Nearly a quarter (24 percent) of consumers with advanced technical skills do not feel confident in their ability to keep their connected devices secure, according to a BullGuard survey of more than 1,000 American consumers.
The study found that 58 percent of consumers are very concerned or highly concerned about potential hacking and data theft carried out against their connected devices, with 37 percent having already experienced a security incident or privacy problem in the past.
"Consumers don’t feel prepared to secure themselves against these threats," Paul Lipman, CEO of BullGuard, told eWEEK. "Even people who self-identify as being technically advanced don’t know how to secure their home networks against network-borne attacks and threats."
More than two-thirds (68 percent) of consumers expressed concern about security risks such as viruses, malware and hackers; 65 percent of consumers were concerned over data collected by device manufacturers being inappropriately used or stolen; and 51 percent of consumers said they are also anxious about privacy breaches.
"There is a very high degree of concern regarding the security and privacy risks of [the Internet of Things]," Lipman said. "I believe this is due both to the work that security companies have done over the years to educate consumers about cyber-risks, and also the high degree of prominence that IoT-related threats have recently received in the media."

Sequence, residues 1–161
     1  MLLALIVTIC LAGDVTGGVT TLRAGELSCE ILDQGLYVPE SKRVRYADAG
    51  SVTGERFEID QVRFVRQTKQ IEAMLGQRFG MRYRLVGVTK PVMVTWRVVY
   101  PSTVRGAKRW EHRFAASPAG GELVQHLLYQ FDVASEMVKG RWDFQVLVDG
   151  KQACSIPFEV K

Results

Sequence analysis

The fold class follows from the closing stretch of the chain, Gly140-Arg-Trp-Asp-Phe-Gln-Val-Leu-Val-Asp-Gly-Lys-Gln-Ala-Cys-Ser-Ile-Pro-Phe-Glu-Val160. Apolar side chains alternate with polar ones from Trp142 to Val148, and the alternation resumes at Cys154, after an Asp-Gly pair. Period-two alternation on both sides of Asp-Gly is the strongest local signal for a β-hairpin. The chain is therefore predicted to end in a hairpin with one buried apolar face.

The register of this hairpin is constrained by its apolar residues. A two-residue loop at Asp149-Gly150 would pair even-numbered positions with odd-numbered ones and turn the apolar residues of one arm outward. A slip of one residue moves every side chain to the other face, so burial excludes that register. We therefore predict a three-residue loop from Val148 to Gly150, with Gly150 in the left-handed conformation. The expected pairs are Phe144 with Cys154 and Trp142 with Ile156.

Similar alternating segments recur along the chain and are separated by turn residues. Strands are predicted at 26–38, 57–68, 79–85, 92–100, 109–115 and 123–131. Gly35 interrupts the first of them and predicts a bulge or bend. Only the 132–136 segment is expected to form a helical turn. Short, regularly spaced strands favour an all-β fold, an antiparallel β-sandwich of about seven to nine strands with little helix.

When asked how they would rate their computer skills, the majority of respondents (70 percent) described themselves as intermediate or advanced.
While 83 percent said they are capable of setting up their own router, when asked if they have changed their router’s password, 45 percent said they had not.
More than a third (36 percent) also admitted that they don’t know how, and a substantial 61 percent do not know how to configure a router to keep a home network secure.
"Consumers are looking to security vendors to solve the IoT security problem," Lipman said. "In the survey, we asked whether people would look to their ISP, device manufacturer or security vendor—and security vendor was the number one choice by wide margin."
Lipman said the key will be for security vendors to deliver products that are incredibly easy to use and simple to configure.
"Network security is substantially more complex than endpoint protection and consumers cannot—and should not—be expected to be experts," he said. "They rely on their security providers to be the experts for them."